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Fecal Leukocytes

The presence of fecal leukocytes indicates bowel mucosal inflammation, which occurs in invasive bacterial enteritis and ulcerative colitis. The sensitivity of the fecal leukocyte test is approximately 70% for diarrheal disease caused by Shigella, but lower for other bacterial pathogens. Even in a children’s hospital setting, the sensitivity of fecal leukocyte test for bacterial pathogens is only 65%. The fecal leukocyte test has low sensitivity because leukocytes degrade rapidly in stored samples, are only present intermittently, and are unevenly distributed in stool. Toxins of organisms, such as Clostridium difficile, can destroy fecal leukocytes. Because of this mediocre test performance, the most recent guidelines for the management of diarrhea from the American College of Gastroenterology (ACG) and the Infectious Diseases Society of America (IDSA) do not recommend performing the fecal leukocyte assay.

Fecal lactoferrin, a glycoprotein present in neutrophil granules, is purportedly a more sensitive marker of intestinal inflammation. Recent guidelines, however, state that even fecal lactoferrin testing is imprecise and unnecessary. ACG does not recommend the use of lactoferrin to establish the cause of acute diarrhea. Fecal leukocyte or lactoferrin testing also has no defined role in the management of inflammatory bowel disease.

Fecal calprotectin, another marker of intestinal inflammation, is largely used as an ad- junctive test in the management of inflammatory bowel disease. Neither fecal lactoferrin nor fecal calprotectin testing are likely to have a role in the management of patients with acute diarrhea because of the inability of these test results to guide treatment. This lack of utility is attributable to the inability of these tests to predict stool culture results and response to antimicrobials, not necessarily their inability to detect inflammation.

Newer multiplex molecular tests for enteric pathogens cannot accurately distinguish between infection and colonization, shedding of organisms after an infection has resolved, and remnant nucleic acid. There are currently no data to support the use of fecal leukocyte assays to confirm the pathogenicity of molecularly detected pathogens.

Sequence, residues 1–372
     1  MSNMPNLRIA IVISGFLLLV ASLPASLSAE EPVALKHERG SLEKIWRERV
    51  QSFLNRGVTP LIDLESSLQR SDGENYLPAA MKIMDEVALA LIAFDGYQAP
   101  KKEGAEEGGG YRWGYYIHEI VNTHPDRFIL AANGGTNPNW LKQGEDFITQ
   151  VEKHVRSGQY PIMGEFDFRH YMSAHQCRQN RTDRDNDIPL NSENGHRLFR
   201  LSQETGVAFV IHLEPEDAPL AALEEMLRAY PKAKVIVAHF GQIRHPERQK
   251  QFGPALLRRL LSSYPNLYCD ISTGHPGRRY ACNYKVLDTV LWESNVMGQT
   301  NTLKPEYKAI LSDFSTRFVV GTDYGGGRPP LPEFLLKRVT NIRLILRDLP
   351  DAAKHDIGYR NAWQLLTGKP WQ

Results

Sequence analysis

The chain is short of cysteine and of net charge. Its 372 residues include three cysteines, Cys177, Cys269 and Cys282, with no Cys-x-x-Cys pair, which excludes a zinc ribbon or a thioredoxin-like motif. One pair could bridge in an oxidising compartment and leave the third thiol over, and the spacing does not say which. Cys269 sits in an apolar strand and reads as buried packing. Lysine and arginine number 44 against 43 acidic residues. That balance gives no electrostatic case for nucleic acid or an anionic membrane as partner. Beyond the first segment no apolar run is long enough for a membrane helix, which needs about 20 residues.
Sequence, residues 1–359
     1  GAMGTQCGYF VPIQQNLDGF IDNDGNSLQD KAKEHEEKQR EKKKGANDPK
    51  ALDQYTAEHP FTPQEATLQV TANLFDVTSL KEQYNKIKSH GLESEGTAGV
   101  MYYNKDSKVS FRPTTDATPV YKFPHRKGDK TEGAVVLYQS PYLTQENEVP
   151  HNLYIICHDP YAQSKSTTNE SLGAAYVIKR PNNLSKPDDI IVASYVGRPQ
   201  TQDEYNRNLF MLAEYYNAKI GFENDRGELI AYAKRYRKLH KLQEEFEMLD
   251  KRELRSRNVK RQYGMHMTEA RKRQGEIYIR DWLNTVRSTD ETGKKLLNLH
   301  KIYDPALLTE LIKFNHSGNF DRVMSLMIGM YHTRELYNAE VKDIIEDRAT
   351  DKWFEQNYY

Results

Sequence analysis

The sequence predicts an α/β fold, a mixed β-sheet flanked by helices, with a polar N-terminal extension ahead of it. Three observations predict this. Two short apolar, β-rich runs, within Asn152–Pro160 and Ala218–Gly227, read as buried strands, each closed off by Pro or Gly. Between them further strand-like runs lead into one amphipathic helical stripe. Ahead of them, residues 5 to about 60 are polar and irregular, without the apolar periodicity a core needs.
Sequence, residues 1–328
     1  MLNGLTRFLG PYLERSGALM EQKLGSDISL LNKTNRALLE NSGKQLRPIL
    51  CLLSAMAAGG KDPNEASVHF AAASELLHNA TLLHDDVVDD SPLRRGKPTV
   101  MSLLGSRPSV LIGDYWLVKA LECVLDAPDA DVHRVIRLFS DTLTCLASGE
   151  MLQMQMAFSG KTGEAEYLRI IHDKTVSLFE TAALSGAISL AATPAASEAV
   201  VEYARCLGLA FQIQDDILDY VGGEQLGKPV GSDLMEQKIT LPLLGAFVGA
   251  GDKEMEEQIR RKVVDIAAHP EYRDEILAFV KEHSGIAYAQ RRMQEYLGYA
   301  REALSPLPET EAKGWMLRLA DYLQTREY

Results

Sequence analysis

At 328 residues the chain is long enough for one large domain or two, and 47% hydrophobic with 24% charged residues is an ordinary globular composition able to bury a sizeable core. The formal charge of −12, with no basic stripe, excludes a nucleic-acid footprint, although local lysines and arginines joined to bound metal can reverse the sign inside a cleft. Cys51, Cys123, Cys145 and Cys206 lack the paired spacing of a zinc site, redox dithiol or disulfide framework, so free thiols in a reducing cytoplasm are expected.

Because of these limitations, a recent opinion article published in JAMA called on clinicians, pathologists, clinical laboratories, professional societies and health care systems to discontinue the use of the fecal leukocyte assay.


HerbertME.Medical myth:measuring white blood cells in the stools is useful in the management of acute diarrhea. West J Med. 2000;172(6):414.

Pickering LK, DuPont HL, Olarte J, Conklin R, Ericsson C. Fecal leukocytes in enteric infections. Am J Clin Pathol. 1977;68(5):562-565

Granville LA, Cernoch P, Land GA, Davis JR. Performance assessment of the fecal leukocyte test for inpatients. J Clin Microbiol. 2004;42(3):1254-1256.

Riddle MS, DuPont HL, Connor BA. ACG clinical guideline: diagnosis, treatment, and prevention of acute diarrheal infections in adults. Am J Gastroenterol. 2016;111(5):602-622.

Shane AL, Mody RK, Crump JA, et al. 2017 Infectious Diseases Society of America clinical practice guidelines for the diagnosis and management of infectious diarrhea. Clin Infect Dis. 2017;65(12):e45-e80

Gupta A, Johnson DH and Agrawal D. Devolution and Devaluation of Fecal Leukocyte Testing: A 100-Year History. JAMA published online July 9, 2018, E1-E2.





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